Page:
There do indeed seem to be approximately three general types of tasks - let's call them "longs", "shorts" and "short shorts". For your spec machine and the Akos app you are using, I would expect that the true crunch times would be about 60 mins, 15 mins and 6 mins respectively, based on what some of my machines are doing. These should be taken as very general broad "guesstimates" only. Since the Akos app is so fast, and since your credit claim is based on benchmarks x time, you should realise that a normal benchmark combined with a fast time is going to give you a very low claim - about one sixth of what the standard client would claim. The job of the Trux client is to "calibrate" both benchmark and time so as to end up with a "standard" claim for a particular result. There seems to be fairly general consensus that this is a reasonable thing to do. Please note that your choice of OS within the Windows family (if not more widely) should have no real bearing on the calibrating mechanism so you are largely wasting your time by changing back and forth between Vista and XP and expecting to see a significant difference :).

Please go read all you can find on the Trux website and think about what he says in relation to what you are seeing and all should become much clearer. Please also read the "sticky" thread here about the use of calibrating clients.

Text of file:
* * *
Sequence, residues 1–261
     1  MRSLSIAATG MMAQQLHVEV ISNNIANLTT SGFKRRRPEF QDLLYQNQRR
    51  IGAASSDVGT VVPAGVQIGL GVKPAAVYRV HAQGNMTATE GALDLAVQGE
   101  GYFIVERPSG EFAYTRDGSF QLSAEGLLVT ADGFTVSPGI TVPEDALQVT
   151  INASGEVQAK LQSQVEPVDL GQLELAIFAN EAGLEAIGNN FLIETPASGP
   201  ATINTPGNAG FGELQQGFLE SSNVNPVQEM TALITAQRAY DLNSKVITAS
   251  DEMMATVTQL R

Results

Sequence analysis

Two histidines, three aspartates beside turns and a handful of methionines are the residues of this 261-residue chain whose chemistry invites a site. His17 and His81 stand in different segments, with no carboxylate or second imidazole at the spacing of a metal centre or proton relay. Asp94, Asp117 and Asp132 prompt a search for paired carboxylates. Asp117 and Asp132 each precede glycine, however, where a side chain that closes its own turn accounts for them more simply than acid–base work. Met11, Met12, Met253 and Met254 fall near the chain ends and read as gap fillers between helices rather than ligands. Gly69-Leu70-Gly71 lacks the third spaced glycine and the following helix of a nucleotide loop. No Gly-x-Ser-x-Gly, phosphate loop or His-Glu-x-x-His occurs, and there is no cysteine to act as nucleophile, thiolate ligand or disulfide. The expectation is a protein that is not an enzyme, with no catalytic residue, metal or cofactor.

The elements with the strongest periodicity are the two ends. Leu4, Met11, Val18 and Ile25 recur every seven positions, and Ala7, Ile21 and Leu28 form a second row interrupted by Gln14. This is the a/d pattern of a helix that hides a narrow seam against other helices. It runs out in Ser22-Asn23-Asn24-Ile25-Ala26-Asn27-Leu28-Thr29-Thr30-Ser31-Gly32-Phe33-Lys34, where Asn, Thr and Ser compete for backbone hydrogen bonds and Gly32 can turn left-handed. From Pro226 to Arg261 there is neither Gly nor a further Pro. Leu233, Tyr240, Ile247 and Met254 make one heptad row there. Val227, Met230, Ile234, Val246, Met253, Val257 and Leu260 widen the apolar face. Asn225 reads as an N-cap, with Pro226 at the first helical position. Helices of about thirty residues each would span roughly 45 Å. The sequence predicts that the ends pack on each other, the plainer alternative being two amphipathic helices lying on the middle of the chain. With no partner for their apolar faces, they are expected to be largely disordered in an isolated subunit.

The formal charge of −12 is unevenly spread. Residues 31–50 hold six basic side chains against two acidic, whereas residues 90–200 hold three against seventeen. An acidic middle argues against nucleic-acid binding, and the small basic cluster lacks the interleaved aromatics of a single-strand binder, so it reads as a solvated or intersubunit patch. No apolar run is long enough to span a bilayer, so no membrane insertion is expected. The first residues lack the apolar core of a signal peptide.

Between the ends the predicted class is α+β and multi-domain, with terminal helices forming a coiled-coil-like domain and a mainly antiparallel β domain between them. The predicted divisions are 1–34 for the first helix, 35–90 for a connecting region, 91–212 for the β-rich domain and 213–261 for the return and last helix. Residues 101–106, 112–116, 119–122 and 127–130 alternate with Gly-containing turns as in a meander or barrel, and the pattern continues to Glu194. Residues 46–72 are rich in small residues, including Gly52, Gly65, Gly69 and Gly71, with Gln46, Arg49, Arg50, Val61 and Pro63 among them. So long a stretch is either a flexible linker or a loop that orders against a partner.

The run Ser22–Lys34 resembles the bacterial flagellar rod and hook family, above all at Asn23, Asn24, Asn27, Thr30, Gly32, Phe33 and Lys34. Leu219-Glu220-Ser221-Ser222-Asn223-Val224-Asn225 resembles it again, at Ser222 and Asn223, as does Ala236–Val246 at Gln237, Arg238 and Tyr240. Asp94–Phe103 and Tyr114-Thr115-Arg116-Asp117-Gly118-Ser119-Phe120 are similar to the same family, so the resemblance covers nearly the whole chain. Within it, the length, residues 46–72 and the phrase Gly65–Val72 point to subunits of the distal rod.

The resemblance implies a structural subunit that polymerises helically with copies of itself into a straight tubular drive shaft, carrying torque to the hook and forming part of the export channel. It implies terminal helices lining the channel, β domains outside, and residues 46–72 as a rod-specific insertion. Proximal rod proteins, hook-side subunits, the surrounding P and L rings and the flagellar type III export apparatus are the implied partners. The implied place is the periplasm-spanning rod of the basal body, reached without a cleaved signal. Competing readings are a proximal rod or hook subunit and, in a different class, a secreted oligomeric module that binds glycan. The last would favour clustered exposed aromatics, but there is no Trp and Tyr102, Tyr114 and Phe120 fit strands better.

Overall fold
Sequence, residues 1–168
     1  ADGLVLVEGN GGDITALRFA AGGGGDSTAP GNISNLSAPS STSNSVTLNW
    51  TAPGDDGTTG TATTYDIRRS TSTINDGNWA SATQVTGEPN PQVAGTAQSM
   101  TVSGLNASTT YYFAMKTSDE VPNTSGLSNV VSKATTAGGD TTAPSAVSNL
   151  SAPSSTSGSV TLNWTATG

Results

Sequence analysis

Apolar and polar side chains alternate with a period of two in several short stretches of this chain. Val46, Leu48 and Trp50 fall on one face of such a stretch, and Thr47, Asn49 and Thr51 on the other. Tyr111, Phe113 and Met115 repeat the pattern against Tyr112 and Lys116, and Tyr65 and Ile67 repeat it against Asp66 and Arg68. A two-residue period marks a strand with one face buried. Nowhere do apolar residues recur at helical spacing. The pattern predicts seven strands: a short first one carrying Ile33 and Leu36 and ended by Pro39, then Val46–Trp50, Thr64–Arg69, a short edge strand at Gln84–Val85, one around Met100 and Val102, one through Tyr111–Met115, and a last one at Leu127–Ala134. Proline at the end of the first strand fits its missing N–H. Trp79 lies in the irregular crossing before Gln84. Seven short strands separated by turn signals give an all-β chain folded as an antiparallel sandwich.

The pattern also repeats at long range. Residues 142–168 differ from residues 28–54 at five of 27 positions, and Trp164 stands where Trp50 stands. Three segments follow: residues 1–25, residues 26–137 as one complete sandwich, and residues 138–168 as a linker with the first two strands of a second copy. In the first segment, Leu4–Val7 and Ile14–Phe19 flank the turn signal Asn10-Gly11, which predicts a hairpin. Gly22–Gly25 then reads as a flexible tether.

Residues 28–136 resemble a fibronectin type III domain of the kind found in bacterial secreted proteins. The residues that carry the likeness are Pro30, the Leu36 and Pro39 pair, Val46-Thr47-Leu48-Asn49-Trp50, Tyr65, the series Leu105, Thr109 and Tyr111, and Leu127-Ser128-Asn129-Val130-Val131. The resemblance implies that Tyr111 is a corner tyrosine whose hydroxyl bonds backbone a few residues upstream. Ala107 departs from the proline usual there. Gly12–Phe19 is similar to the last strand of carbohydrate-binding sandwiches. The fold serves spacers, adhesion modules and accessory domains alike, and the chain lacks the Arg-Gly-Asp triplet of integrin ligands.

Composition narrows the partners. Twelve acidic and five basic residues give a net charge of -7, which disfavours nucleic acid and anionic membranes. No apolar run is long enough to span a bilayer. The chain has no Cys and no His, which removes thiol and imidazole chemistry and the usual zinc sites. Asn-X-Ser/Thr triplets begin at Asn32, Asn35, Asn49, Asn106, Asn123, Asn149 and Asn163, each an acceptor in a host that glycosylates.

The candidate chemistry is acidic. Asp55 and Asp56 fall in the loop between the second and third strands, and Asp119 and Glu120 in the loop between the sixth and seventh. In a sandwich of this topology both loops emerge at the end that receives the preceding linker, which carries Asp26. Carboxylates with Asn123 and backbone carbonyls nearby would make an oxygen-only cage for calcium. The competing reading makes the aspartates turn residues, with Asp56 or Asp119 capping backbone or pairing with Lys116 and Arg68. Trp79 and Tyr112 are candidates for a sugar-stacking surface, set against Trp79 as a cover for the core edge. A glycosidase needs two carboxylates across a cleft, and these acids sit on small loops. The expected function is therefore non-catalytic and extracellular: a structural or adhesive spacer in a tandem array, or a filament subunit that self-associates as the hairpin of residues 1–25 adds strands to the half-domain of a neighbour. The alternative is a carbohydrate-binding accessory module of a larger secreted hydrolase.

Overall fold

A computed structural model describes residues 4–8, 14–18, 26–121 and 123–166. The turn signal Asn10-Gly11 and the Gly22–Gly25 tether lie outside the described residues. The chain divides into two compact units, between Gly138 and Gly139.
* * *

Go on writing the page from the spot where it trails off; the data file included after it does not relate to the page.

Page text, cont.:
Edit: Please realise that there can be some controversy, particularly on different projects, about how best to setup what we might call a "fair and equitable" credit claim when highly optimised apps are involved. My personal opinion, and that's all it is, is that a given task should result in the same claim irrespective of the platform used, the level of optimisation of the app or the true amount of cpu seconds actually used. For that reason, I am very much in favour of systems that try to achieve this, particularly if it can be demonstrated to also be fair and equitable across projects. I am hopeful that the Devs here will be able to achieve this with the soon-to-commence S5 data set where they have already stated that there will be a new credit calculating system that gives fixed credit for any given result. We don't know the full details yet.

Cheers,

Cheers,
Gary.

Honza
Honza
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Running Vista doesn't make

Running Vista doesn't make running any BOINC application faster.
Perhaps the other way around - as it is still beta, needs more memory to run and possibly more frequent running.